Food spoilage bacteria is another kind of bacteria that can grow on food if left out for too long. However, the difference is that while spoilage bacteria can cause your food to taste and smell bad, it most likely won’t make you sick.
Regardless, you’ll want to avoid the unpleasant experience of trying spoiled bacon, so look for these signs:
If the bacon loses its pink color and instead starts to look gray, brown, or green, then it’s likely spoiled.
The fatty streaks in the uncooked bacon should be a creamy white color, so if you’re noticing that it is getting darker, then it’s time to toss your bacon.
If you notice an unpleasant, sour, or rotting odor coming from your uncooked bacon, you definitely shouldn’t eat it. The smell is a sign that bacteria have been allowed to grow, and your bacon could be unsafe to consume.
If the meat starts to feel slimy to the touch, it might be time to toss it. Lactic acid bacteria are responsible for the slimy texture and green hue that often comes with the spoilage of cured meats. Fresh meat should feel moist and soft but not slimy or sticky in any way.
How To Properly Store Uncooked Bacon?
If you’ve made the mistake of leaving your uncooked bacon out, you may wonder about the best way to store uncooked bacon for the future.
Your uncooked, packaged bacon will usually always come with a best by date stamped on to the package.
Since the best by date is not the same as the “use by” date, it’s usually OK to consume the bacon after the date.
As a general rule of thumb, your uncooked bacon will still be OK to eat seven days after the sell-by date.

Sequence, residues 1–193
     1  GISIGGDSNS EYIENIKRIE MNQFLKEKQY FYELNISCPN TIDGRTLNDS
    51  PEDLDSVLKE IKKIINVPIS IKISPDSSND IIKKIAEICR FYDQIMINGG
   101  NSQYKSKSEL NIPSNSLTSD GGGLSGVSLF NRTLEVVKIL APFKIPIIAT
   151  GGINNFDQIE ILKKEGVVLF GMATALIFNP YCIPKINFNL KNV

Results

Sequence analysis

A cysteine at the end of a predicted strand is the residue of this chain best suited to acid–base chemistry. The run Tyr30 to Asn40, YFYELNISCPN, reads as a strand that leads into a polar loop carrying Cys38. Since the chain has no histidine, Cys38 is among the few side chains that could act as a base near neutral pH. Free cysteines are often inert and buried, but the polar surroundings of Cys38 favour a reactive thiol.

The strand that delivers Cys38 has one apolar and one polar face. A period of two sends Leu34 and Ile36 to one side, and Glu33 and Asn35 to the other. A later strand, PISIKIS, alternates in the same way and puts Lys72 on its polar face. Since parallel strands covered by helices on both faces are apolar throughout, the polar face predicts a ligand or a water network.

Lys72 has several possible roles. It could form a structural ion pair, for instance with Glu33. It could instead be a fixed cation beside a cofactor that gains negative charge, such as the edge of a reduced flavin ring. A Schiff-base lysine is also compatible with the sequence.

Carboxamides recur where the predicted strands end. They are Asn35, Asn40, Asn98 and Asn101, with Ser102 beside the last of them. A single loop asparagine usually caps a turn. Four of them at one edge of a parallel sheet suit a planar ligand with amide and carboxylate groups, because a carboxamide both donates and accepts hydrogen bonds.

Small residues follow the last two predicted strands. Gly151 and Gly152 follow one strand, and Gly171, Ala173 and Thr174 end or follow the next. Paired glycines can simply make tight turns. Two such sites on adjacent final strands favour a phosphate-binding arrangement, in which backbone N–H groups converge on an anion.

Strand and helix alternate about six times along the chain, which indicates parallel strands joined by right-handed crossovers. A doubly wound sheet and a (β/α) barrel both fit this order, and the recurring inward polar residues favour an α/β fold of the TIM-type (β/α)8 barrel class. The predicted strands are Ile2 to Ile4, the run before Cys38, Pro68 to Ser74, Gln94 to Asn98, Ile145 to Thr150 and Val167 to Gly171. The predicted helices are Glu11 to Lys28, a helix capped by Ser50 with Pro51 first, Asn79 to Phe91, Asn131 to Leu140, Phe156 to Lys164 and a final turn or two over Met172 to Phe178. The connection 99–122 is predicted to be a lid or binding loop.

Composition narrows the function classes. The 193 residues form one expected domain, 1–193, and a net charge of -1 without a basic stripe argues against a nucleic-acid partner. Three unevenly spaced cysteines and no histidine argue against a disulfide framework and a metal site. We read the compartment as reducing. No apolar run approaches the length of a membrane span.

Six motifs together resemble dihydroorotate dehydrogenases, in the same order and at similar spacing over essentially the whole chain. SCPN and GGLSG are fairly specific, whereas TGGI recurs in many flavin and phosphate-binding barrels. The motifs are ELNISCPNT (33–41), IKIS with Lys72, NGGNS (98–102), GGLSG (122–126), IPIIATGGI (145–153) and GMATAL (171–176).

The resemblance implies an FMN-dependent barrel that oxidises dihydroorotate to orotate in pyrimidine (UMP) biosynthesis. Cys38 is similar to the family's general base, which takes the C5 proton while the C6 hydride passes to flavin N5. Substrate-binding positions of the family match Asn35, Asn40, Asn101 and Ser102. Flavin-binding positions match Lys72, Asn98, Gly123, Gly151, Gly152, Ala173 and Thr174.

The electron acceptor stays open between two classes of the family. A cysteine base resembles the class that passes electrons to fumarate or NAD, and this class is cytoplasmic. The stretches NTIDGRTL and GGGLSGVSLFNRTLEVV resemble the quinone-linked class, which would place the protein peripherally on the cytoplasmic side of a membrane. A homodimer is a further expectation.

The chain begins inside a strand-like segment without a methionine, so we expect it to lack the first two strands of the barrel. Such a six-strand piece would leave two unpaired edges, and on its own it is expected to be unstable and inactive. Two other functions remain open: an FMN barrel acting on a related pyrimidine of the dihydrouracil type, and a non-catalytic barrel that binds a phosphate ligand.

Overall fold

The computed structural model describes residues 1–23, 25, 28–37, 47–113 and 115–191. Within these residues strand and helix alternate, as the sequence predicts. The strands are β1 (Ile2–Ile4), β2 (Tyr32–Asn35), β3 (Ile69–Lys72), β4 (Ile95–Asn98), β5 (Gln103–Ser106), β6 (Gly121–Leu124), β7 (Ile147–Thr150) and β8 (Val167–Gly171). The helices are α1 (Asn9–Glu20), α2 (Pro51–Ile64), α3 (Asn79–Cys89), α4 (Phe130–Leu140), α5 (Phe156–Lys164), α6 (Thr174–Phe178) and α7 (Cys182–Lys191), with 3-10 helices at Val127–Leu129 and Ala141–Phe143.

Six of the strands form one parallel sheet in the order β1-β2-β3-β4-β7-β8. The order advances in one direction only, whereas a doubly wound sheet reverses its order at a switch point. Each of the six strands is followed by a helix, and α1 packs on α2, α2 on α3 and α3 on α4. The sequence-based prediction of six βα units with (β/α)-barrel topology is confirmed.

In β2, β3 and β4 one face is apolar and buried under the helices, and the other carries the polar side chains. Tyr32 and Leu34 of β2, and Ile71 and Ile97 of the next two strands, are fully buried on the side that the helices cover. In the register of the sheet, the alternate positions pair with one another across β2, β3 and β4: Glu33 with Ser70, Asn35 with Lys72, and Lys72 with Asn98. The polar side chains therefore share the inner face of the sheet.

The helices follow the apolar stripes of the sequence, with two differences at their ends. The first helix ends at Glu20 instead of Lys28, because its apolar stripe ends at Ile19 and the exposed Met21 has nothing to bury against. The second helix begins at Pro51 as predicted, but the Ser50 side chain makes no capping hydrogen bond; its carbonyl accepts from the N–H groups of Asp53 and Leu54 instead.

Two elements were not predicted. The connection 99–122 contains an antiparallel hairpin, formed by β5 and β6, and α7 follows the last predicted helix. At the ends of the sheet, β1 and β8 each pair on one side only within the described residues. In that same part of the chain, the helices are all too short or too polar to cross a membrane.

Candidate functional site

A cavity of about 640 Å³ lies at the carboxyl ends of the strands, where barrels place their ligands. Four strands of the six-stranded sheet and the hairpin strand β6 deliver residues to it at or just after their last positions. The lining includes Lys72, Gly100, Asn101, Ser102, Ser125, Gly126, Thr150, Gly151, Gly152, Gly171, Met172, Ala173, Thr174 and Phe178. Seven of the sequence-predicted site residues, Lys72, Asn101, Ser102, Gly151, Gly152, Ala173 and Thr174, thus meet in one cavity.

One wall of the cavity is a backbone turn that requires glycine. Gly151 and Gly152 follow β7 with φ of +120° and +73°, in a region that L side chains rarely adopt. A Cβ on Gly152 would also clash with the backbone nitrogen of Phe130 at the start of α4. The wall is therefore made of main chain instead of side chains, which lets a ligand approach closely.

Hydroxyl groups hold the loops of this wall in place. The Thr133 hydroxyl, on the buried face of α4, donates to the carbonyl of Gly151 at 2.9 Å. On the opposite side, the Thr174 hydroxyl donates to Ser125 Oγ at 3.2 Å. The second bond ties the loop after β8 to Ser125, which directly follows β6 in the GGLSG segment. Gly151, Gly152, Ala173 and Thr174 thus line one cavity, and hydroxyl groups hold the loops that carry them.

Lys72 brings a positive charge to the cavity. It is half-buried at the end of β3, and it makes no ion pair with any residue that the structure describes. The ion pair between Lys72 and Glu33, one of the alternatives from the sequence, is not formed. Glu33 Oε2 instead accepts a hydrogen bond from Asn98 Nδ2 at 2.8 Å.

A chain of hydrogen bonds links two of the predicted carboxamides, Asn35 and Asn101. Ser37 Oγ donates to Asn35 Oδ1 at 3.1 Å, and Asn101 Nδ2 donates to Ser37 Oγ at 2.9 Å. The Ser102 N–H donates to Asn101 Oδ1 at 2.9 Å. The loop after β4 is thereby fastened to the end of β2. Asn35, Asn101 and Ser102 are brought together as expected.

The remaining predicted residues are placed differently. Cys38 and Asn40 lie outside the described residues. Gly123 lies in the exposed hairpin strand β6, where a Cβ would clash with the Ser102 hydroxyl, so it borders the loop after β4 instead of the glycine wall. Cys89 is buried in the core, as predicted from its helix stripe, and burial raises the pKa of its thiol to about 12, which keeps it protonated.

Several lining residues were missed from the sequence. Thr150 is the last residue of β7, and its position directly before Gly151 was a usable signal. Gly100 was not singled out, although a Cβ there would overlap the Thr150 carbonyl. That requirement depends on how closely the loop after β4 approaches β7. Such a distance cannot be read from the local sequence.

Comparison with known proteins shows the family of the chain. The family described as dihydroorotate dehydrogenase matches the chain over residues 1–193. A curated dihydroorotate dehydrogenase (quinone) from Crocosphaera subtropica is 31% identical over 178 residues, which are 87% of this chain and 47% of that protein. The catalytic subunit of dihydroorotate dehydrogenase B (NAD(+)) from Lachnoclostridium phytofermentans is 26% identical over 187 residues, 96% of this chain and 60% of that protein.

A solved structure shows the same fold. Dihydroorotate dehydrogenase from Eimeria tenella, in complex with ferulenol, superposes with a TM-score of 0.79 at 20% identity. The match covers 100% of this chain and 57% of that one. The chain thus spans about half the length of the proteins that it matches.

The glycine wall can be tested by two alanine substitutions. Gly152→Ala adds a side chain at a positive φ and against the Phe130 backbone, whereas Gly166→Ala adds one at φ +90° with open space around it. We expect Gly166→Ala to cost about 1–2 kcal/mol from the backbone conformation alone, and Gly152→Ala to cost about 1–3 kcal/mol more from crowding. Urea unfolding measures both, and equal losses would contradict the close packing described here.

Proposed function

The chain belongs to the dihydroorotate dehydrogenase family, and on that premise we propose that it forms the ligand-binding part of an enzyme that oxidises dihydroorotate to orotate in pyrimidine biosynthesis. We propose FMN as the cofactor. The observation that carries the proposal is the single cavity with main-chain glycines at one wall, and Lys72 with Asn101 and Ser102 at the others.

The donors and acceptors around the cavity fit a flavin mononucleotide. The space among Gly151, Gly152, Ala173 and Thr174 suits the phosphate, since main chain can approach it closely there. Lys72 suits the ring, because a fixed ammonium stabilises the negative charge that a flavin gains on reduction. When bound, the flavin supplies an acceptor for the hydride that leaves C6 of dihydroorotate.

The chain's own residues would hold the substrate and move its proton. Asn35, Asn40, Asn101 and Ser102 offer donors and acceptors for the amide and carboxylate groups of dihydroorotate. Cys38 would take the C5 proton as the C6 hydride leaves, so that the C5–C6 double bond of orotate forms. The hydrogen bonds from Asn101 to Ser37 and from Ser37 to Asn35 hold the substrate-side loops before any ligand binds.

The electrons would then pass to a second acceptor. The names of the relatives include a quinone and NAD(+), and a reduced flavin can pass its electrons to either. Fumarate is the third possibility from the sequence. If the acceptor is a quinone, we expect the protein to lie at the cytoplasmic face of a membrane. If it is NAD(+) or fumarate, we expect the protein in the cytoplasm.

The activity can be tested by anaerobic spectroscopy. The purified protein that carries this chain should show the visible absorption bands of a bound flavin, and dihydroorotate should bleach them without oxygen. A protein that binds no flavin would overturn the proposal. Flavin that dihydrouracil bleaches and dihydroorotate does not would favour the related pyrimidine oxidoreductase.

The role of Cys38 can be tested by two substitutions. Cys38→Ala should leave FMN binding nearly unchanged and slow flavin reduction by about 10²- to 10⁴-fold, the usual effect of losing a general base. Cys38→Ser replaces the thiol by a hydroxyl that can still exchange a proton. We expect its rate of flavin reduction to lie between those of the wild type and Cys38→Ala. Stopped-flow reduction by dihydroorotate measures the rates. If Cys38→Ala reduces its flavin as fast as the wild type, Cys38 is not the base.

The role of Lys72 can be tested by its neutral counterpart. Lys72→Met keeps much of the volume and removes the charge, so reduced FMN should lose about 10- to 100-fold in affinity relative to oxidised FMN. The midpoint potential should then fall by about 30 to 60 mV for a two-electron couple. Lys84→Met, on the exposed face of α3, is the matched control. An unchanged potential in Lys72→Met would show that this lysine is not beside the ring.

The best way to keep uncooked bacon is in the refrigerator or freezer. You can store unopened, uncooked bacon in the fridge for up to two weeks and in the freezer for six to eight months.
If you’ve already opened the package, you can store uncooked bacon in the fridge for one week and in the freezer for six months.
Follow these steps to ensure your open and uncooked bacon is stored fresh:
Step 1. Wrap In Paper Towels
Wrap the opened bacon in paper towels before storing. The paper towels will absorb any excess moisture and keep the bacon fresh for a more extended period.
Step 2. Seal The Bacon
Place the uncooked bacon in a resealable plastic freezer bag and tightly seal. If you don’t have a freezer bag, then wrap tightly in plastic wrap or aluminum foil.
Check to make sure there aren’t any areas exposed to the air, and press down to eliminate any trapped air.
Step 3. Store The Bacon
Place the wrapped bacon in the freezer or a meat drawer in your refrigerator. If storing in the fridge, make sure the temperature is below 40 degrees Fahrenheit and check your bacon often for signs of spoilage.
Even if your bacon doesn’t show signs of spoilage, storing it for too long in the freezer can compromise the quality and taste of your bacon, so even if it doesn’t make you sick, it’s best to consume the bacon before the recommended timeframe.
How Long Can Uncooked Turkey Bacon Sit Out?
So, you know now that regular bacon can sit out for two hours, but does it make a difference if it’s turkey bacon?
Unfortunately, the same rules apply to any raw meat, including any mass-produced bacon product, no matter what.
The same dangerous pathogens can grow on uncooked turkey bacon just the same as regular pork bacon.
Therefore, if you accidentally leave your uncooked turkey bacon out on the counter, make sure to throw it away if it’s been out for two hours or longer.
How Long Can Frozen Uncooked Bacon Sit Out?